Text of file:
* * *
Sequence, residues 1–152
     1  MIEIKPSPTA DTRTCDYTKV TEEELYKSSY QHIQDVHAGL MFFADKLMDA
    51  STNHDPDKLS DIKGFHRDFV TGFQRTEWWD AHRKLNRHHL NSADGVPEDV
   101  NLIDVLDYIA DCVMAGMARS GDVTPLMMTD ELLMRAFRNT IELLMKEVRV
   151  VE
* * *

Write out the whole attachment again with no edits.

Sequence, residues 1–152
     1  MIEIKPSPTA DTRTCDYTKV TEEELYKSSY QHIQDVHAGL MFFADKLMDA
    51  STNHDPDKLS DIKGFHRDFV TGFQRTEWWD AHRKLNRHHL NSADGVPEDV
   101  NLIDVLDYIA DCVMAGMARS GDVTPLMMTD ELLMRAFRNT IELLMKEVRV
   151  VE